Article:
Beware False Memes

by | March 10, 2014

I came across this meme on Twitter today. It is a nice quote that seems to support a Humanist outlook, but unfortunately it isn’t accurate & I’ve noted the errors in notes on the meme itself.

This is Caracalla not Marcus Aurelius


Wrong Emperor

This isn’t Marcus Aurelius, it’s Caracalla. Marcus Aurelius has more of a full beard & lots of curls. Caracalla sports more of a military look. Also, unlike Marcus Aurelius, who reigned during the Roman Empire’s most peaceful time, Caracalla reigned when things were starting to go badly for Rome. Marcus Aurelius spent time travelling around the empire, studying everything Greek & philosophizing about all kinds of things, including how to live one’s life. He expanded the empire and died a natural death. Caracalla, although he opened up Roman citizenship to free men across the Empire, was disliked for his wide reaching massacres, killed his own brother and was ultimately assassinated.

False Quote

I didn’t think this quote sounded like something Marcus Aurelius would say or at least it sounded too good to be true, so before I started pulling out the heavy duty texts, I did a quick Google search and low and behold, Wikiquote came through. Of this quote, Wikiquote states:

No printed sources exist for this prior to 2010, and this seems to have been an attribution which arose on the internet, as indicated by web searches and rationales provided at “Marcus Aurelius and source checking” at Three Shouts on a Hilltop (14 June 2011)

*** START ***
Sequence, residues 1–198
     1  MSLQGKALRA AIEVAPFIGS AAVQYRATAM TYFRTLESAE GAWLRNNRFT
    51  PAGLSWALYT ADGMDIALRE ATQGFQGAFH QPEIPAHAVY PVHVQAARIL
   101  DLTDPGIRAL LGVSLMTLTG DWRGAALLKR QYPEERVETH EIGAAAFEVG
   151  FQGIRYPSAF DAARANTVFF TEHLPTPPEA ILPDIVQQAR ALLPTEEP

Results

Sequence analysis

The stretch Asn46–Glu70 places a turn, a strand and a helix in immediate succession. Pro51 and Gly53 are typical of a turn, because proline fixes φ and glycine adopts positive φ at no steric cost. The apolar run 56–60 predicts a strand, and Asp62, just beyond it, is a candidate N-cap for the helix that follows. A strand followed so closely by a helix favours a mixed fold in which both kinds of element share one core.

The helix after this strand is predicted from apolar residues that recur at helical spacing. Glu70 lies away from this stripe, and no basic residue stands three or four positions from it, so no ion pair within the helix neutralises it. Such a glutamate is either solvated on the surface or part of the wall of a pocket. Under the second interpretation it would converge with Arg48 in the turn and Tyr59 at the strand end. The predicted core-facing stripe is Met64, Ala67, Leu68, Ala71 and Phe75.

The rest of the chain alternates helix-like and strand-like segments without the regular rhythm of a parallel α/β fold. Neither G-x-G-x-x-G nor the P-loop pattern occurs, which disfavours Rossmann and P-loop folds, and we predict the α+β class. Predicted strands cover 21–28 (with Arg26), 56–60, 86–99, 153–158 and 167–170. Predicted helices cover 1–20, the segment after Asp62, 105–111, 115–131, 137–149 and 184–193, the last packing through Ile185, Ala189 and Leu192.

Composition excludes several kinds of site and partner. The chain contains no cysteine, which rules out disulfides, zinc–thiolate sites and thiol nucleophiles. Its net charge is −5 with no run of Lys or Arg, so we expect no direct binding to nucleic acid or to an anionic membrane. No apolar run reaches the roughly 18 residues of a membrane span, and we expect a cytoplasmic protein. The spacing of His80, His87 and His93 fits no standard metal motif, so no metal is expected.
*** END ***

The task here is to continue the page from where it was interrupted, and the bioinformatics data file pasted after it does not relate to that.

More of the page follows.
This quote may be a paraphrase of “Since it is possible that thou mayest depart from life this very moment, regulate every act and thought accordingly. But to go away from among men, if there are gods, is not a thing to be afraid of, for the gods will not involve thee in evil; but if indeed they do not exist, or if they have no concern about human affairs, what is it to me to live in a universe devoid of gods or devoid of Providence? But Gods there are, undoubtedly, and they regard human affairs; and have put it wholly in our power, that we should not fall into what is truly evil. ” from Meditations, Book II, but the quote in question has a quite different meaning.

So there you have it. Sometimes you can refute incorrect memes but sometimes the memes, even the ones that look right, are in fact incorrect. Beware false memes!

4 thoughts on “Beware False Memes

  1. Corwin

    Interesting! I’d heard of Marcus Aurelius, of course, but not of Caracalla. I can see why someone who had a penchant for wide reaching massacres would end up being disliked.

    I do approve of the sentiment in the quote – it’s like a stoic and sceptical version of Pascal’s Wager.

  2. Stephen Lumini

    Seeing as whoever posted the quote just grabbed a pic of any old roman bust, I would love to see this same quote with different heads – Nero, Julius, Octavius, Caligula – posted all over the place. Still attribute it to Marcus Aurelius, but spell the name wrong 😉

    It is a worthwhile sentiment…


    The quote comes from the book “Meditations” written by Marcus Aurelius and of course has eventually been translated to English.


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